Field Trip - Old South Meetinghouse

Yesterday, I took Max on a field trip to Boston.  He has just finished studying the American Revolution, and I wanted to bring it all to life a bit for him.  What a chilly, chilly day to visit Boston!  We had to walk a few blocks from where we parked to our first stop, and he commented to me, “Even wearing a hat, I can’t feel my ears anymore.”  But we survived to tell the tale.
Our first stop was the Old South Meetinghouse.  It is most famous for being the meeting place of the Sons of Liberty the night of the Boston Tea Party.  But it holds many other claims to fame as well.  It was the place where large crowds of people came to debate the issues of the day for more than two centuries.  Benjamin Franklin and Phyllis Wheatley were baptised there (and she was a member).  (Benjamin Franklin, although more closely associated with Philadelphia, was born in Boston and grew up on the street from which I took this photo.)  The clock on the outside of the church dates to 1770.

A statue of Phyllis Wheatley.

I was surprised to find that the interior of the church sits sideways to the front door.  Instead of looking at the back of the pews as you enter, you look at the ends of them.  Some of the pews were box pews, and others were the more traditional long pews, but still with doors on each end.  Church members would’ve paid for their pews annually.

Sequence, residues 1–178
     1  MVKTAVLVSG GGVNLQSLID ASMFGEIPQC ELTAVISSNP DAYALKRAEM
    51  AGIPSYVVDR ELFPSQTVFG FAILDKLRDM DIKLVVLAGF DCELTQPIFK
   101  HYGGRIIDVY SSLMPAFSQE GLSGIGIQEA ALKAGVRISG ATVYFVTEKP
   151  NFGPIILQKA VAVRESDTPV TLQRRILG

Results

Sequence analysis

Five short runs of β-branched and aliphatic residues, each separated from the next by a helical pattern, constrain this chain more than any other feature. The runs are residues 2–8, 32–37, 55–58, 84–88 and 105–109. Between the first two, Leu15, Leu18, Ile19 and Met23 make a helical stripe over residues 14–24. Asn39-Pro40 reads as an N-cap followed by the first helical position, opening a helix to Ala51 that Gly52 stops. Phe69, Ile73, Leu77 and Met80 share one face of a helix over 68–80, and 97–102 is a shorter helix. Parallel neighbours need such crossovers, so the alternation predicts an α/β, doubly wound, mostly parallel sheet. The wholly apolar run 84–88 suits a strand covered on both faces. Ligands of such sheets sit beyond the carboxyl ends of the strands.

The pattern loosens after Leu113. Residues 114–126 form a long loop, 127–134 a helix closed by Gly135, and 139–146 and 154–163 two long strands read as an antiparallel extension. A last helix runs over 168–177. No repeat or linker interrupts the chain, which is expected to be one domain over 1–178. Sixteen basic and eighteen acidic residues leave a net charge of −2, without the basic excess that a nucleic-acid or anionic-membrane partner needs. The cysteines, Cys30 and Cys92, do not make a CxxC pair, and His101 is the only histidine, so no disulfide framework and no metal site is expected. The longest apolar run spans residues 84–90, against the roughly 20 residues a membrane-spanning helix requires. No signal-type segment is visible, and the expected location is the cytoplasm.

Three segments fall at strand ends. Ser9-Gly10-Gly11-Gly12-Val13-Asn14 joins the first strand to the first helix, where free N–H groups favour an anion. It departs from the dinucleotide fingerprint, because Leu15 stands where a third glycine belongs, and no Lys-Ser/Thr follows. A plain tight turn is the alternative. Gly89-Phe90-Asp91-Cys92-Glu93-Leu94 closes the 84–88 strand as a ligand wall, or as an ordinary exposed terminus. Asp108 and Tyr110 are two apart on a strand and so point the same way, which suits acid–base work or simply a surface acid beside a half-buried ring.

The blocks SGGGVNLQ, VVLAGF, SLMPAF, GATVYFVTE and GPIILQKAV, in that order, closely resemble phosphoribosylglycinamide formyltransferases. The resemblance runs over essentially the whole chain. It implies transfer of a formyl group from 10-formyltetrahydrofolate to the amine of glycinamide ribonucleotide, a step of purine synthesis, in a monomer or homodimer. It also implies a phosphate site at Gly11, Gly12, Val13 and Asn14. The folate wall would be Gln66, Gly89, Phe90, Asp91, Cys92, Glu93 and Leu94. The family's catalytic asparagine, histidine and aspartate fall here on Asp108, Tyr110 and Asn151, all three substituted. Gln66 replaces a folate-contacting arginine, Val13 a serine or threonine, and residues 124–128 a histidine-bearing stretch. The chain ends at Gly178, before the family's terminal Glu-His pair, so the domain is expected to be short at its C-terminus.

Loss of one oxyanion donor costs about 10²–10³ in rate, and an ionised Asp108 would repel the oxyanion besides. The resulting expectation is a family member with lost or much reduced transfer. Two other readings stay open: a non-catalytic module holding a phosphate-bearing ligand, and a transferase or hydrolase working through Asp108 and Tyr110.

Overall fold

Here is a glimpse inside a box pew, outfitted as it would’ve been in the 1700′s with a foot warmer, writing tables, inkwell, and quill  pen for taking sermon notes.

The church clock.

During the British occupation of Boston, the redcoats trained their horses in this church.  A horseshoe, found in the building, dates back to that occupation.  And this sign is embedded in the woodworking of the gallery.  If the print is too small for you to read, it says, “During the occupation of Boston by the British, this Meeting House was used by the Queens Light Dragoons as a Riding School.  Soon  after the evacuation WASHINGTON, looking down from this gallery on the wreck which the British had left, reverently expressed surprise that those who venerated their own church, should have desecrated ours.”

Among the many items on display there was this vial of tea and a tea wrapper with Chinese lettering, and according to the sign, “Tradition has it that these tea leaves, as well as the Chinese tea label, are souvenirs from the Boston Tea Party.”

To help their visitors warm up on such a frigid day, cups of tea were offered to all.  I was grateful to drink my tea, as a free American citizen, and grateful to all those brave patriots who dumped the British tea in the harbor.

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